Questioning and challenging the policies and actions of ministers and senior bureaucrats is fundamental to parliament’s role in holding the government to account. While the Commonwealth parliament can practice oversight of the government in numerous ways, the power to veto laws made by ministers and agencies is a powerful mechanism for parliamentarians to ensure legislation is consistent with the rule of law and the rights and liberties of Australians are protected.
One of the main parliamentary oversight mechanisms is the power to disallow laws made by the executive branch of the government, including ministers and senior departmental and agency officials, known as delegated legislation or delegated legislative instruments. This power is exercised by the Senate Standing Committee for the Scrutiny of Delegated Legislation (the Senate Committee). The Senate Committee can issue a “notice of motion of disallowance” which repeals a piece of delegated legislation and also restricts the minister from introducing the same piece of delegated legislation for a period of six months without Senate approval.
The Commonwealth government’s response to the COVID-19 pandemic has revealed the extent to which the parliament has abdicated its important oversight role and has allowed the government to avoid accountability and scrutiny for the laws it makes. Between 18 March 2020 and 11 June 2020, a total of 171 pieces of delegated legislation were made in response to COVID-19. Of these, 40 pieces of delegated legislation were exempt from disallowance by the parliament.
The volume of delegated legislation exempt from parliamentary scrutiny reveals a deeper vulnerability to our liberties. A weakening of parliamentary oversight has led to a reduction in scrutiny of and transparency over law-making. This has concomitantly removed an important check and balance on the exercise of government power, intervention, and authority, leaving the Australian’s rights and liberties exposed to government overreach.
There is no positive case for providing an exemption for delegated legislation on the basis that such delegated legislation was made in response to an emergency. The argument that the absence of an exemption would undermine the government’s response to an emergency fails to understand how the disallowance process works in practice. Just because an instrument could be disallowed does not mean that disallowance is an inevitability. In the case of a genuine emergency—such as the COVID-19 pandemic—the Senate Committee has the discretion to consider relevant circumstances, such as speed of implementation, into its review of any delegated legislation and give it the appropriate weight when making a disallowance decision. The requirement to act swiftly in response to an emergency is not hampered by the requirement to answer questions about the response after the fact.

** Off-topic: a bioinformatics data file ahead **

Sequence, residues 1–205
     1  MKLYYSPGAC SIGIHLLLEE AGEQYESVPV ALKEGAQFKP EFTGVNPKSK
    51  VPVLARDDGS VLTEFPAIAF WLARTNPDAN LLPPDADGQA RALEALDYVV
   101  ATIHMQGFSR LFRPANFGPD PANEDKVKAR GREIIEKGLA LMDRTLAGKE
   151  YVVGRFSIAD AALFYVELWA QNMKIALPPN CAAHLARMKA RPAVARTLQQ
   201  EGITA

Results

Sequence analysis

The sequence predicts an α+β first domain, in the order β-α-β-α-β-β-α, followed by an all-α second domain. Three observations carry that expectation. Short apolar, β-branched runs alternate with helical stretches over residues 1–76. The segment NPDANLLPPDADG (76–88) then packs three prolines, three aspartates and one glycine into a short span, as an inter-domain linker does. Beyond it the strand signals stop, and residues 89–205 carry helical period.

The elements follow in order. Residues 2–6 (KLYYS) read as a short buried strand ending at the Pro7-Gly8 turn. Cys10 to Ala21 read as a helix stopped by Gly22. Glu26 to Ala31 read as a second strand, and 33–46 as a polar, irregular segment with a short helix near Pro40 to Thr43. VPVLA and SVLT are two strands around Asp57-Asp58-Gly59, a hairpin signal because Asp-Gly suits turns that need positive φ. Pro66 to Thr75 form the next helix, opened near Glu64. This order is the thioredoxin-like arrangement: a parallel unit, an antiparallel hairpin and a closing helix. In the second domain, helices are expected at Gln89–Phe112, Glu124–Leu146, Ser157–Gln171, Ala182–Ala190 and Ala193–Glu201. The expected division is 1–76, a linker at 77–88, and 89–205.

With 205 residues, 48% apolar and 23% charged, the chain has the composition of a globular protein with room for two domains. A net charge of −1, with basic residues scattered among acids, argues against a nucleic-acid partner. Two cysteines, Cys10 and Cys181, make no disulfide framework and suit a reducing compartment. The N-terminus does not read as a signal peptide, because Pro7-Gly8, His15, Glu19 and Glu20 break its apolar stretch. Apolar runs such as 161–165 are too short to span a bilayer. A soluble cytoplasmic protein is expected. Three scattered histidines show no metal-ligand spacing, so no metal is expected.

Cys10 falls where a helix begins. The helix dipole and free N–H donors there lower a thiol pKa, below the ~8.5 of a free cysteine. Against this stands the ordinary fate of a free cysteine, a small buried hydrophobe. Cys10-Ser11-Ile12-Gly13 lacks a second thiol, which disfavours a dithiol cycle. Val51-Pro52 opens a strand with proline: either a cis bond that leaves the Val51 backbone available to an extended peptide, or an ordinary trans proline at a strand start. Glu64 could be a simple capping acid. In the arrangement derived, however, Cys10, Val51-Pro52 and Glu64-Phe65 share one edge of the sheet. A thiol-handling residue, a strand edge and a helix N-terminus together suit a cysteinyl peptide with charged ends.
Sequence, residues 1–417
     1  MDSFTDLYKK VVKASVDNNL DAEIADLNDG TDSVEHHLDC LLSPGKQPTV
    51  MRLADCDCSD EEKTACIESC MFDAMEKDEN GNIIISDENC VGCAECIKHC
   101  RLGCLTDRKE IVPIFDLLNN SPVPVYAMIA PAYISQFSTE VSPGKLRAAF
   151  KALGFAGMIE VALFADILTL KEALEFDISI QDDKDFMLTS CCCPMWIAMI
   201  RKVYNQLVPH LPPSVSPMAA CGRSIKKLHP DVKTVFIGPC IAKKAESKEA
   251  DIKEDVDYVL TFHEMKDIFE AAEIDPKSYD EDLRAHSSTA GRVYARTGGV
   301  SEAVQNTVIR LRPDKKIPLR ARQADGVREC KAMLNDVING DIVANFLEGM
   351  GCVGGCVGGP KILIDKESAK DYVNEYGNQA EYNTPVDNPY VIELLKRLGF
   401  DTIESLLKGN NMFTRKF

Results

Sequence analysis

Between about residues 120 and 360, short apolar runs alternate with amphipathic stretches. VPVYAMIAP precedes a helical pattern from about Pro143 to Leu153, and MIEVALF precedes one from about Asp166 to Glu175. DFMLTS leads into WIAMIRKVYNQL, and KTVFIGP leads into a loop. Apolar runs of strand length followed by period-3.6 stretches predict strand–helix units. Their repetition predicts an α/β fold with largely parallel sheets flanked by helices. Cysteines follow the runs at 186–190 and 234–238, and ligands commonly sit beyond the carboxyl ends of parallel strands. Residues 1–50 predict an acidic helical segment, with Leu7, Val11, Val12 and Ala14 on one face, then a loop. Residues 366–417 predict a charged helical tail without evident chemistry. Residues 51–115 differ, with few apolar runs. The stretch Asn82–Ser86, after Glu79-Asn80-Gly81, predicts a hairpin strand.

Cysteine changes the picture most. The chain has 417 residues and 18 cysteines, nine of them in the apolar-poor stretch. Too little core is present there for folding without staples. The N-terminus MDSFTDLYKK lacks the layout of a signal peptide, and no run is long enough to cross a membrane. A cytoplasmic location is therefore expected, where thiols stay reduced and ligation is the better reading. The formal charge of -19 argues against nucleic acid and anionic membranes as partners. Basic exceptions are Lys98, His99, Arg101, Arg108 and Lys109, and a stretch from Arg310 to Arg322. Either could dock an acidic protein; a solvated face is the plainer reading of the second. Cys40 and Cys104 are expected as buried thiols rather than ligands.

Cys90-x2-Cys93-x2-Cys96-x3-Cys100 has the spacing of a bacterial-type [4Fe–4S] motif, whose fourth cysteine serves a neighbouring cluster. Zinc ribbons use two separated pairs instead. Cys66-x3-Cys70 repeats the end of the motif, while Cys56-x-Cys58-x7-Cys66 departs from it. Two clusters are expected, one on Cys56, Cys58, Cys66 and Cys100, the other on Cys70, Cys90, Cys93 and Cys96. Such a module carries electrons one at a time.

The requirement to act expediently in an emergency may make review prior to implementation impossible, but there is no reason why measures taken during an emergency should not be allowed to be examined retrospectively, particularly if they are still in force after the threat subsides.
The power to disallow delegated legislation is a powerful mechanism to impose accountability and transparency on government actions. However, the parliament has abdicated part of its role in holding ministers accountable for their actions by allowing a range of delegated legislation to be exempt from the Senate Committee’s disallowance process. Separate Acts of Parliament make provision for the delegated legislation it authorises to be exempt from disallowance, while section 44 of the Legislation Act 2003 (Cth) (Legislation Act) provides numerous grounds on which certain kinds of delegated legislation can be exempted from the parliament’s disallowance process. This has undermined parliament’s role in scrutinising executive actions and enabled the executive to circumvent the democratic process.
The parliament’s legal and constitutional authority to exempt delegated legislation from disallowance is not in question. It is however an authority that the parliament should refuse to exercise. The parliament has a responsibility to reassert itself as a check on the executive by removing all exemptions to disallowance for delegated legislation.
1. Consequently, this report recommends the removal of all provisions in Commonwealth legislation that allow for delegated legislation to be exempt from disallowance by the Commonwealth parliament.
Additionally this report recommends the following three specific changes to improve parliamentary accountability and transparency.
2. Remove section 44(1) of the Legislation Act so that the legislative instruments of intergovernmental bodies, such as the Australian Competition and Consumer Commission, are no longer exempt from disallowance by the Commonwealth parliament.
3. Remove section 44(2)(b) of the Legislation Act so that ministers can no longer make regulations which exempt other legislative instruments from disallowance by the Commonwealth parliament.
4. Reduce the volume and frequency of delegated legislation so that it can be adequately and efficiently scrutinised by the parliament.
To read the full report click here.